Putting Out Grease Fire

What Is A Grease Fire?

When most of us think of a grease fire, our thoughts automatically go to the kitchen stove. That's where most grease fires take place in a home. It's easier than you think to put oil in a pan to heat it up and then get distracted just long enough for it to get too hot, spit and splatter, or boil over and ignite. So many homes have been burned to the ground because of carelessness when cooking.

A grease fire can begin raging out of control in mere seconds once it starts. If there are flammable items nearby like hand towels, pot holders or a discarded apron, it can add more fuel to the flames almost instantly. If you don't notice the fire right away and you don't have a smoke alarm in the kitchen, you could have a disaster in no time at all!

How Much Damage Do Grease Fires Cause Annually?

Even though the exact numbers of grease fires in the home vary from year to year, almost 500 people a annually are killed because of them. The total amount of damage for all grease fires combined yearly adds up to nearly $900 million in damage to homes and personal property.

How to Put Out a Grease Fire

So often when someone has a grease fire to start in the kitchen, your first instinct is to panic. Everything you ever knew about putting out a fire can fly right out of your head. You know you have to act fast and panic is the last thing you need to do.

Many times if paper or a hand towel gets close to the stove and ignites, we will grab whatever is at hand, a wet dish cloth or another hand towel and try to beat at the flames until they go out. You may turn to the faucet and run water in a bowl or pan and try to douse it out, but neither of those things work for grease fires.

Can You Use Flour to Put Out a Grease Fire?

No, flour will do nothing to put the grease fire out. In fact it will likely only make it worse. The flour itself can ignite and add more fuel to the flames.

Can You Put Salt On a Grease Fire?

While salt can help put out a small grease fire, getting to it fast enough and having enough on hand might be a problem. At least a cup will be needed for a small fire. An entire box of salt holds a few cups or so, but the spout on most boxes are small and it may not come out fast enough to extinguish the fire quickly. You certainly can't use a salt shaker.

Can Sugar Put Out a Grease Fire?

Absolutely not! Sugar is very flammable and all you'll end up with is a bigger, sweeter grease fire if you dump that on it.

Can Baking Soda Put Out a Grease Fire?

Baking soda is one of the most known kitchen ingredients that will put out a grease fire. However, if the fire is large, a small box of baking soda may not be enough. If you are lucky enough to have a large box on hand, it could help save the day.

But, if the flames ever hit the ceiling, it's time to get out!

Can You Use a Fire Extinguisher On a Grease Fire?

Everyone needs a fire extinguisher in the kitchen. You don't want to place it too near the stove because any ongoing flames might prevent you from being able to get to it. You can use a fire extinguisher to put out a grease fire, but since there are different types of extinguishers, you must have the correct class of extinguisher for it to work.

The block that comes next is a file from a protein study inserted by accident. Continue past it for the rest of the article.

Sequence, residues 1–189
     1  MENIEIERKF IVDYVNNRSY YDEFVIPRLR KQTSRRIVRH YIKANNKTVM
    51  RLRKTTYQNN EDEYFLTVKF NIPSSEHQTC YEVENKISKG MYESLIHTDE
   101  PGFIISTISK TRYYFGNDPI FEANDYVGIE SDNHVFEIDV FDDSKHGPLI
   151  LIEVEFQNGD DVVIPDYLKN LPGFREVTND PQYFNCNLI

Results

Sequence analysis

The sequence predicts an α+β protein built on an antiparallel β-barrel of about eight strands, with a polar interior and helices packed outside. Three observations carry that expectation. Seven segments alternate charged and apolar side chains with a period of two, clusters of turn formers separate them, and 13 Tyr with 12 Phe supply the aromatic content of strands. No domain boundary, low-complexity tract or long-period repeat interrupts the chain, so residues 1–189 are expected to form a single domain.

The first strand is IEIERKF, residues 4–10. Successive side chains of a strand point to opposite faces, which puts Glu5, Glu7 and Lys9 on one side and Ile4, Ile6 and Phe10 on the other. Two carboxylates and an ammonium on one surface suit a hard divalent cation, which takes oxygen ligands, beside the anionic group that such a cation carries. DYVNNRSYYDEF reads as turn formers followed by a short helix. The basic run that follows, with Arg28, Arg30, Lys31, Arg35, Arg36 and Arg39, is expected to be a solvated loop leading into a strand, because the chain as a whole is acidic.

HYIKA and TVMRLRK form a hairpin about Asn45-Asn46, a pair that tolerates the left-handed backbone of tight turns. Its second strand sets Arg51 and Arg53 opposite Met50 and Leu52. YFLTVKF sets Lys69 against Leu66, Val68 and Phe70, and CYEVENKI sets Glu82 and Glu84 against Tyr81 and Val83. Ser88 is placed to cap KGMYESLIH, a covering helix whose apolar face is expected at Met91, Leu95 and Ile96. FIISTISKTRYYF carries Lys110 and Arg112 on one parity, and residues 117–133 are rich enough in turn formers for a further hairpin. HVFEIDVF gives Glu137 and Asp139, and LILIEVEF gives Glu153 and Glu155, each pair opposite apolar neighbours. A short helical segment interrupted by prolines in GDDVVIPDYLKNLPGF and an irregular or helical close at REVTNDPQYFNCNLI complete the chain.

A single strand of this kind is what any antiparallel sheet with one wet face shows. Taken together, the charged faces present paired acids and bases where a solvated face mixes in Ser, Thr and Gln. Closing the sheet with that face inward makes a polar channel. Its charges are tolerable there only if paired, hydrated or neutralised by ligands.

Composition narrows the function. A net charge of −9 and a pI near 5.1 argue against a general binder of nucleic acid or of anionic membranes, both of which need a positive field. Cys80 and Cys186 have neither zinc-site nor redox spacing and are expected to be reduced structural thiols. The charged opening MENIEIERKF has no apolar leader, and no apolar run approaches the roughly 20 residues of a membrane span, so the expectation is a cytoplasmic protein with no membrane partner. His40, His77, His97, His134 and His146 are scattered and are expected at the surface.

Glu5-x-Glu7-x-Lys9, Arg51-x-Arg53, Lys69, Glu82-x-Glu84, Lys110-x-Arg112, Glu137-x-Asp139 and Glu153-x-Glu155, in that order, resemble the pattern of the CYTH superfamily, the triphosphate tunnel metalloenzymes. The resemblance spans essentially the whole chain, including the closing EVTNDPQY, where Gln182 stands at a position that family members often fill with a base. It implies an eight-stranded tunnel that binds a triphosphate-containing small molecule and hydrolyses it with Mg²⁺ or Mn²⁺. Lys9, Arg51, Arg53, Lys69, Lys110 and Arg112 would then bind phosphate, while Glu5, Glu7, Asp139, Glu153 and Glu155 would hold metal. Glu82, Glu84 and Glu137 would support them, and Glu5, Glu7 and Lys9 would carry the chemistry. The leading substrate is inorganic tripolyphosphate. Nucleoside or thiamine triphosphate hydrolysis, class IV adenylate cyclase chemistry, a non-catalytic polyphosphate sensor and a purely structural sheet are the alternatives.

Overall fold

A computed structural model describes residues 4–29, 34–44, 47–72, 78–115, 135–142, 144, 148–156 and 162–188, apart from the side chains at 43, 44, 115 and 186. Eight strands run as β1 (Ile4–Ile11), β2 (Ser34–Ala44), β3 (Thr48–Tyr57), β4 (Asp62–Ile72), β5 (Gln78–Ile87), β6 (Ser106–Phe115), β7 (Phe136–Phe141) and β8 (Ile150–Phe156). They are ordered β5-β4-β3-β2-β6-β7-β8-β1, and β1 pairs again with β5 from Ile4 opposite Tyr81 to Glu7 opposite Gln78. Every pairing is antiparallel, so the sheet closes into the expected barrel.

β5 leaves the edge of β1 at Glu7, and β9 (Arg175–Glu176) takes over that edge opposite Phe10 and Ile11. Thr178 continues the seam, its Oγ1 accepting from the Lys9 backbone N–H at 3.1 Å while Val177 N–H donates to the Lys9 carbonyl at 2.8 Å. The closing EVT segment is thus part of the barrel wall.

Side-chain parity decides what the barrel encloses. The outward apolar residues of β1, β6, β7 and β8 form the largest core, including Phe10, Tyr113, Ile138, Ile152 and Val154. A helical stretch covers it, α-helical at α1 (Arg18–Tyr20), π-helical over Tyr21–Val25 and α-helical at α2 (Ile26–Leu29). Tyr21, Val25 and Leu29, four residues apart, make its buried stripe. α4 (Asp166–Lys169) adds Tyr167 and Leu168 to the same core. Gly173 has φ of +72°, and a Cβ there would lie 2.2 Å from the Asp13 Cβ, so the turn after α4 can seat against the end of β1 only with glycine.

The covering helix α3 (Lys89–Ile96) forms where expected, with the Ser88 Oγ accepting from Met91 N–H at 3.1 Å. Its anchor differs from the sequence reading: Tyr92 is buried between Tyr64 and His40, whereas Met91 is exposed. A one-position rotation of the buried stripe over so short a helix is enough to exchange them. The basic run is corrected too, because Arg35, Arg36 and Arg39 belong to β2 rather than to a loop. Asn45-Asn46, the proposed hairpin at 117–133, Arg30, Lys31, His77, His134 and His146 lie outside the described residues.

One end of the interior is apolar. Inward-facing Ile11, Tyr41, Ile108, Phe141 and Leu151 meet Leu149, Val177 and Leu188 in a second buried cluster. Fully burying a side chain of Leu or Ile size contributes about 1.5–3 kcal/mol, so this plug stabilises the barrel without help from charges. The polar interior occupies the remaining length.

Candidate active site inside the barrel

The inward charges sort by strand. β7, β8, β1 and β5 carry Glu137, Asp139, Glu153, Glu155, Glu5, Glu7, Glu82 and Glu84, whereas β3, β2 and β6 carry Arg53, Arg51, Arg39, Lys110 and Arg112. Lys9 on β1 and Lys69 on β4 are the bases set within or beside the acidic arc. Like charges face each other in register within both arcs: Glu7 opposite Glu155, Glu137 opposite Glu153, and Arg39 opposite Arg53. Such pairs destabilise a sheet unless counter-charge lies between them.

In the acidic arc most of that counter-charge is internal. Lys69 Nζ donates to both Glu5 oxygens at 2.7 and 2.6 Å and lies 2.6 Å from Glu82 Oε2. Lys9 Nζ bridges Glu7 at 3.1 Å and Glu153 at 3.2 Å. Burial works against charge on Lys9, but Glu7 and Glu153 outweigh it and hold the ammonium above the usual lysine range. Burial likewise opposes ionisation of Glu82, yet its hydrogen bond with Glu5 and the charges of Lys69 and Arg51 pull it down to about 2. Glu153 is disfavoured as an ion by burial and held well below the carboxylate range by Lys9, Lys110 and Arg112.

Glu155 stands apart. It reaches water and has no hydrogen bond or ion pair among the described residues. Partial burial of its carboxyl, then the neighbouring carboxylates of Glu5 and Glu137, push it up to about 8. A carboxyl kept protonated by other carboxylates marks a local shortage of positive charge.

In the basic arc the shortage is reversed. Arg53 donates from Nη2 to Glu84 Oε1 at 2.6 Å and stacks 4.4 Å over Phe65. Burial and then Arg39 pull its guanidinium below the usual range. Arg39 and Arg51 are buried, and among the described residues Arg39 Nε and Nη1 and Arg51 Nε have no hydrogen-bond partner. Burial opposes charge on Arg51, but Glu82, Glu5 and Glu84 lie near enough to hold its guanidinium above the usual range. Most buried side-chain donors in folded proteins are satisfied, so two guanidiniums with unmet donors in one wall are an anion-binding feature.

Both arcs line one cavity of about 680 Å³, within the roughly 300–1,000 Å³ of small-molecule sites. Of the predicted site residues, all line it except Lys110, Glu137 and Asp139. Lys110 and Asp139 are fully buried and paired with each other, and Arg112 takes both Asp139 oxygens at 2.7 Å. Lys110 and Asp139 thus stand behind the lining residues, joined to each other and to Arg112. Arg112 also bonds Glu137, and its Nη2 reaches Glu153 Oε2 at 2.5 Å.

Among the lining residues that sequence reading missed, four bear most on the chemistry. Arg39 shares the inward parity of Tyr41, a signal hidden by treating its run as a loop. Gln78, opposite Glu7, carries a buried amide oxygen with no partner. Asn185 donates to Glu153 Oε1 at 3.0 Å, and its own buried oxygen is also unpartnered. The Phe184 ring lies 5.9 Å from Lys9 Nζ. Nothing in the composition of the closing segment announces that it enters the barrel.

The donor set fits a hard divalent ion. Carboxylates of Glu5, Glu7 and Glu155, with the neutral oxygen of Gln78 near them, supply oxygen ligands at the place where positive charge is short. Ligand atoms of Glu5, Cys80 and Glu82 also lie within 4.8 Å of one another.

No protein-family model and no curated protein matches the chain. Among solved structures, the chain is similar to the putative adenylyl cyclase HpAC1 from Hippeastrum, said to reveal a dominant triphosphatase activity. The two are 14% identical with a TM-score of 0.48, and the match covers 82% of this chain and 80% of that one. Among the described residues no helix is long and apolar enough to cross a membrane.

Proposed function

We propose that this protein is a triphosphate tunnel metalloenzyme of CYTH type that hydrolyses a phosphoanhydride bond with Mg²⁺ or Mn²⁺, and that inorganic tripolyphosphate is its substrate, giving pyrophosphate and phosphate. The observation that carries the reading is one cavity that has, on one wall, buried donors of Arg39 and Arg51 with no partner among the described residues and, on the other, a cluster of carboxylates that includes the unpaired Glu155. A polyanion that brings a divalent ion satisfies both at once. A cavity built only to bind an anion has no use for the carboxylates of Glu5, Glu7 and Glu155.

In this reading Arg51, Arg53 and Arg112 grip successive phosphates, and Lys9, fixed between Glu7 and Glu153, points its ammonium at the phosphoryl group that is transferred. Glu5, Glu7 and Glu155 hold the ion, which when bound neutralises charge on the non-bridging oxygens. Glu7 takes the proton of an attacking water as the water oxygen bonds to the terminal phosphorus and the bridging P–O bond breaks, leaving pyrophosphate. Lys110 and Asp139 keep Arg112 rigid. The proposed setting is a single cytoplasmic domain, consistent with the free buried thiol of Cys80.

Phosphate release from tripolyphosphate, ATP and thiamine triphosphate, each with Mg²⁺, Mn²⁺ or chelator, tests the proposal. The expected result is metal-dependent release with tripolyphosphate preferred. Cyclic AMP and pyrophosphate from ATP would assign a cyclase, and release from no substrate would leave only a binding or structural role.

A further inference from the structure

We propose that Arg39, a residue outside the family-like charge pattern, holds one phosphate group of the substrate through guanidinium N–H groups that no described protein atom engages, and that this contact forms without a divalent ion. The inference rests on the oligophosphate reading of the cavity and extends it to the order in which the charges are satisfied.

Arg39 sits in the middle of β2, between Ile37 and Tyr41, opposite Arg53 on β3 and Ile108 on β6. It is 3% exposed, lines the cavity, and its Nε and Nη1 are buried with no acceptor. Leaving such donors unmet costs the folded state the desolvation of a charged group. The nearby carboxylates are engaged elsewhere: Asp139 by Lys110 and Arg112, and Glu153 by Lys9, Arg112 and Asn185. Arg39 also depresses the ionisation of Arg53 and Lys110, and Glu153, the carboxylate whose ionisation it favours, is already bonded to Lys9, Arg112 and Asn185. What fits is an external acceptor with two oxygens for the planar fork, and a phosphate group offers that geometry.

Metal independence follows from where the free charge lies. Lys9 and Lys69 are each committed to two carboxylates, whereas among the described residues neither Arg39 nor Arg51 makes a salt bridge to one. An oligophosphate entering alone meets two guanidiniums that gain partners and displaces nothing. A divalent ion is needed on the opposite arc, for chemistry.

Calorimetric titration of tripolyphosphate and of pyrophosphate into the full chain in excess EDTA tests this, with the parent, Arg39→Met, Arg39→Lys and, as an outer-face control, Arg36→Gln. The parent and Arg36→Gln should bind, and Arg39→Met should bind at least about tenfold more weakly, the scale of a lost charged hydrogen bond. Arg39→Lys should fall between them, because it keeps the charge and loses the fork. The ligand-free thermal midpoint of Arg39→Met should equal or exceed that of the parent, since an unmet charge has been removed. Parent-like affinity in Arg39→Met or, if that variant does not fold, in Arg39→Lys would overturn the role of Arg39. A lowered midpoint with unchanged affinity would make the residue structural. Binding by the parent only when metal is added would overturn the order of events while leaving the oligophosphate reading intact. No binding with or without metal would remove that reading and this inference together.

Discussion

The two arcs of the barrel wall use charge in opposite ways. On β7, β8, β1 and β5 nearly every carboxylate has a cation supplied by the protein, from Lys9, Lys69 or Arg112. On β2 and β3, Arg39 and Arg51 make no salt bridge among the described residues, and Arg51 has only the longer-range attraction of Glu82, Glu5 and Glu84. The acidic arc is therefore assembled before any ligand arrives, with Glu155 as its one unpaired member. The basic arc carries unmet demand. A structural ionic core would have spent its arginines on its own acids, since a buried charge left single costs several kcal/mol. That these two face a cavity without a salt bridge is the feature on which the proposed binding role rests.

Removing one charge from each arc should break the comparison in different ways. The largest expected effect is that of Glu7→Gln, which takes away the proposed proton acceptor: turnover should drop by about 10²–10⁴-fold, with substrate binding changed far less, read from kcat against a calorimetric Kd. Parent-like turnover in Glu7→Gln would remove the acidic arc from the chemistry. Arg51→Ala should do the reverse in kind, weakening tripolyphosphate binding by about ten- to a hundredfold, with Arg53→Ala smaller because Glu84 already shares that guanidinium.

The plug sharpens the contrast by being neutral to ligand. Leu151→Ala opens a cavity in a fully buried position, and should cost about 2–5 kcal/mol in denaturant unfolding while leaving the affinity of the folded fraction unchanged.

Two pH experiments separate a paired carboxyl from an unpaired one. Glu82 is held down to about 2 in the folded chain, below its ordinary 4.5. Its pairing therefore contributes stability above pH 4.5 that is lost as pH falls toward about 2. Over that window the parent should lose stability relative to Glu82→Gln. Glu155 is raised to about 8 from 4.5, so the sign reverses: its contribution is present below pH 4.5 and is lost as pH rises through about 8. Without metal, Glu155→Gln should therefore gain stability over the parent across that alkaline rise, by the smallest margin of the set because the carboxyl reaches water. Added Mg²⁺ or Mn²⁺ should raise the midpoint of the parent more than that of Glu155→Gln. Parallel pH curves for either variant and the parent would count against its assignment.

What Type of Fire Extinguisher Do I Need for a Grease Fire?

Fire extinguishers come with either an A, B, C, D, or K rating. You can buy a small extinguisher or a much larger one if you want to. An A rated fire extinguisher is more for things like wood or paper, a B rated extinguisher is for flammable liquids and a C rated extinguisher is for electrical fires. You can purchase extinguishers that are rated class ABC all in one.

For grease fires, you want to have a Purple K type fire extinguisher. This fire extinguisher contains PKP, which is a dry-chemical fire suppression agent and it's 4 to 5 times more effective than CO2 and twice as effective as baking soda against class B fires, like grease fires. Class B fire extinguishers used to be recommended for grease fires, but this is no longer the case. Purple K extinguishers are more effective by far.

When purchasing a fire extinguisher, pay attention to the UL ratings on the fire extinguisher label when you buy it. This tells you how much fire the extinguisher is capable of putting out.

How Much Do Fire Extinguishers Cost?

You can purchase an average size fire extinguisher for between $20 and $80 dollars. Of course, the price you pay will depend on the overall class of the extinguisher and how large of fires it is capable of putting out. One thing is for certain, every home needs at least one or more fire extinguishers as well as smoke alarms, especially in the kitchen.

Manufacturers suggest that most extinguishers will last somewhere between 5 and 15 years. That's a large time span! Some fire extinguishers come with an expiration date, but that is not always a guarantee they will last as long as that. It is suggested that you check the fire extinguisher pressure gauge monthly to ensure it will work.

Does Home Insurance Cover Grease Fires?

If you have a fire in your home that is caused by grease, it should not be considered any different than any other fire that could be started accidentally in your home. You just need to be sure and always read your insurance policies carefully before you invest in them, that way you will know without a doubt what is covered and what is not. You should know the overall amount you are covered for as well because when you are dealing with a house fire, whether it's caused by grease or another issue, it will be a mess to clean up. Professional help will likely be needed to some degree.